I have a lot of yarn.
I have so much of it that I’m not going to show you pictures of my stash because it’s borderline embarrassing (unless you’re a crafter…then you completely understand).
When I moved and discovered how much yarn I had, I made a promise to myself that I wouldn’t buy more until I used up a good portion of my stash. Though I’ve broken that promise a couple of times, I’ve also found a loophole. I wouldn’t buy yarn, I’d MAKE it! :-D
While in California I participated in a Stitch N Bitch group whose members knitted, crocheted, dyed yarn and spun yarn on wheels or spindles. Earlier this year I became very intrigued with drop spinning so one of the ladies let me borrow several of her spindles until I found one I liked. She gave me some instructions and helped where possible, but there were holes in her knowledge as well as her ability to pass along that which she did know.
Undeterred, I ordered the spindle just like hers – Tsunami from Golding. It was a bit pricey for something I was dabbling in, but whenever possible, I find it’s best to dabble with preferred tools. That way if I end up shelving the whole thing at least it was a decision based upon my skill, or lack thereof, instead of a less than favorable tool.
I spent the next couple months spinning a bit here and there but mostly admiring how nice the spindle looked sitting in the mason jar on my bookshelf with a little bit of gold yarn wrapped around it.
This whole time, fellow spinners at Stitch N Bitch were busy spinning on their wheels so my level of intrigue remained, albeit for drop spinning not wheel spinning. I’m all about portability…and I’m thrifty (really!). Wheels START in the $300’s and rapidly go up from there, and though many are considered portable, they’re not portable in the way I want (no tucking in a carry-on bag or briefcase when traveling).
Some Stitch N Bitchers went to a Fiber Festival where there was a woman conducting free drop spinning classes all day. I spent about an hour sitting with her and was nearly blinded by all the light bulbs going off in my head!! Everything was clicking and making sense — I was so excited!!!
The yarn on the left is my first attempt at spinning – the yarn on the right is what I spun after my lesson at the Fiber Festival.
Unfortunately, my newfound skill happened right before I moved to MA so my spinning was set aside but never really out of my mind. I was just too busy to give it the attention it deserved, and to be honest, I was a bit afraid that my skill had evaporated during the months of non-use.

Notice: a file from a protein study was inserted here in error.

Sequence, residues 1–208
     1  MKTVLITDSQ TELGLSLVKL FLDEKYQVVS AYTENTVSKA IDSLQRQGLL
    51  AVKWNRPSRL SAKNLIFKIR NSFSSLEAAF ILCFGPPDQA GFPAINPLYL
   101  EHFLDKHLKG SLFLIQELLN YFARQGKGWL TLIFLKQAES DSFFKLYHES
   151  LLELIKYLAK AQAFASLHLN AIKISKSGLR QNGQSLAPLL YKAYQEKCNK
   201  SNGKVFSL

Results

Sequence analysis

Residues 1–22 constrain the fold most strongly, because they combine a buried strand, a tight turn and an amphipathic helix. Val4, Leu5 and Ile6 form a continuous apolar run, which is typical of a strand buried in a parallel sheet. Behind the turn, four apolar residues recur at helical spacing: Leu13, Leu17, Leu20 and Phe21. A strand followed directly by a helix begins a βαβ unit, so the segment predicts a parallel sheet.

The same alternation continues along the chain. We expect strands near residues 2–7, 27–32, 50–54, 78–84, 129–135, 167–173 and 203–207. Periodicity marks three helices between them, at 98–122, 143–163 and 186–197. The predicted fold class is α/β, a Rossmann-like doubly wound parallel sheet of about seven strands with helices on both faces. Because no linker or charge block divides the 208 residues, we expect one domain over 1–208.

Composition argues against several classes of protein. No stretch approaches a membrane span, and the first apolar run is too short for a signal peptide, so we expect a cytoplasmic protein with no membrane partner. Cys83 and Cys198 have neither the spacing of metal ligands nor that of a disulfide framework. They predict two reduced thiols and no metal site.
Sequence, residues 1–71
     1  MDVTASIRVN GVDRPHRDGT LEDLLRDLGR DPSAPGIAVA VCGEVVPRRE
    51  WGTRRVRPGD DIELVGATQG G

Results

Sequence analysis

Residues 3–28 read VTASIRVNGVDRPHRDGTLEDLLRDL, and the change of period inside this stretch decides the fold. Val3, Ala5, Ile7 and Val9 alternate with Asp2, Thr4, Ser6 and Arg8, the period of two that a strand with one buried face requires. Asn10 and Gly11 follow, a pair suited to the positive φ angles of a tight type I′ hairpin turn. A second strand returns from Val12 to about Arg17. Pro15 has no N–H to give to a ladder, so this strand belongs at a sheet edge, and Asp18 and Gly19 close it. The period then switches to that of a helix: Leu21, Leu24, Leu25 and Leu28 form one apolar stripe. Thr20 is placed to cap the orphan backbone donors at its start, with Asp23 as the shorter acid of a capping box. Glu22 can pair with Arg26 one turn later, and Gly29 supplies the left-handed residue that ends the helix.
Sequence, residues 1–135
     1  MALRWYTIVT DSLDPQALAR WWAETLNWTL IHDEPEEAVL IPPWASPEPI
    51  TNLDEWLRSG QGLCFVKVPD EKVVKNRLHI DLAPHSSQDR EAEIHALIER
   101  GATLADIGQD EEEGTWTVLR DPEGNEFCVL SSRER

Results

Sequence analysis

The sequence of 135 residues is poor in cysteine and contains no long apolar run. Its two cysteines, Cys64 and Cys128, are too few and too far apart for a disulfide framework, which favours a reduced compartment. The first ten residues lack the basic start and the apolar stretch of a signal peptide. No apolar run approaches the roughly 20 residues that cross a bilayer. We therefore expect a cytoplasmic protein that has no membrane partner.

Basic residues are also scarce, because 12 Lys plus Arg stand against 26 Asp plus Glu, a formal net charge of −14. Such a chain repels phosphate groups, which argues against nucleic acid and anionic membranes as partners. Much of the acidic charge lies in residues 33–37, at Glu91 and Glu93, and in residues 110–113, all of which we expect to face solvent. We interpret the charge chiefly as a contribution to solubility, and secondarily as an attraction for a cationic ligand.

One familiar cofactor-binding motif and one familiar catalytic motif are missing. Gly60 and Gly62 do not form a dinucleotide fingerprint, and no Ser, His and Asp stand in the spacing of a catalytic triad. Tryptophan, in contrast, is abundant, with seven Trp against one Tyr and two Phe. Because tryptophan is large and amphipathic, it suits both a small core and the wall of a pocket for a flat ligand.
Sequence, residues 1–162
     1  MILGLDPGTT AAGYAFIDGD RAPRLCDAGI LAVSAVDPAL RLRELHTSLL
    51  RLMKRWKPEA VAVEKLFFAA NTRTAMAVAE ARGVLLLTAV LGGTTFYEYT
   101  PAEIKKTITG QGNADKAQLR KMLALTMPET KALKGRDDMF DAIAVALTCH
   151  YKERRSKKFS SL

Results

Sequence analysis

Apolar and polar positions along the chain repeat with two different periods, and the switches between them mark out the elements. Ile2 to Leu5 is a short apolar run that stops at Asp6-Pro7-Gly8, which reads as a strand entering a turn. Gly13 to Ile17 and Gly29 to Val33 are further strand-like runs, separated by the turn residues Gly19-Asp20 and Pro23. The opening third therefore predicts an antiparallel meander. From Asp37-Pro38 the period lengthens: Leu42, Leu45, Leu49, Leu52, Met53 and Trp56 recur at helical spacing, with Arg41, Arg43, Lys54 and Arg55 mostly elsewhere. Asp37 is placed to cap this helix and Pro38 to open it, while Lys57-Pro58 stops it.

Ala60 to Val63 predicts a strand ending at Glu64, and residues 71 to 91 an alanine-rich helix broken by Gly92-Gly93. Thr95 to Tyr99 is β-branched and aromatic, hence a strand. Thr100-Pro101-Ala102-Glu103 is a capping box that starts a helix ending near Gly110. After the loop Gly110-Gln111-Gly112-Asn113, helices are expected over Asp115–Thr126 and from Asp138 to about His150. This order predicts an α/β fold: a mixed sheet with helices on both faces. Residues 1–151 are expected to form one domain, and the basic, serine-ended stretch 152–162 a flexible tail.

I received a class catalog from Webs and found a 6-hour Beginning Drop Spinning class was offered on a Saturday. I was super excited and signed up immediately.
I walked into the class of 8 students confident that I would walk out a spinning machine, but the first couple of hours were spent talking about the process of drop spinning, various types of roving and the animals they come from, pre-drafting, over-spinning, under-spinning, plying, etc…a serious amount of information that had my head, well, spinning! :-(
Fortunately instructor Ashley Flagg was very knowledgeable and knew how to pass along what seemed like scraps of information that later all interconnected, at least for me. By the time lunch rolled around my confidence was back. Click here to watch Ashley in action and see how drop spinning should be done.
We were able to spin for about an hour-and-a-half that afternoon before we plied our spinning into a 2-ply yarn, wrapped it into a skein using a niddy noddy and tied it off. I left the class with 10-1/2 yards of spun, plied yarn, which meant I had spun 21 yards. It’s not great, pretty icky actually, but on the other hand, people pay a lot of money for yarn that constantly varies in thickness. ;-)
I didn’t spin again until nearly a week later. The day after class my arm was sore from being up in the air for that hour-and-a-half of spinning, then the next three days were long work days. The fourth day was too, but it was the start of my weekend and I was energized, so Thursday night I picked up my spindle and off I went. The same for Friday and Sunday.
How busy was I? Take a look!
I will spin the rest of the roving in that ball on the left then ply the yarn, wrap it into a skein on my niddy noddy, set it in a mix of hot water and Eucalan, then let it dry. While it’s drying I’m going to search for knitted hat or headband patterns that I like that match the yardage of yarn that I have. I’ll need several because until the yarn is dry and I try knitting with it and know my gauge, I’m not sure what I’ll be able to make.
What I do know is that I need to actually make something with this yarn no matter how inconsistent it is so that I can complete the cycle and increase my knowledge based upon experience. I’m sure the yarn will have problems, but I won’t understand those problems until I (try to) use it.
Besides, it will be really cool to tell people that not only did I knit the hat (or headband), but I spun the yarn too!
Yep…I’m addicted ;-)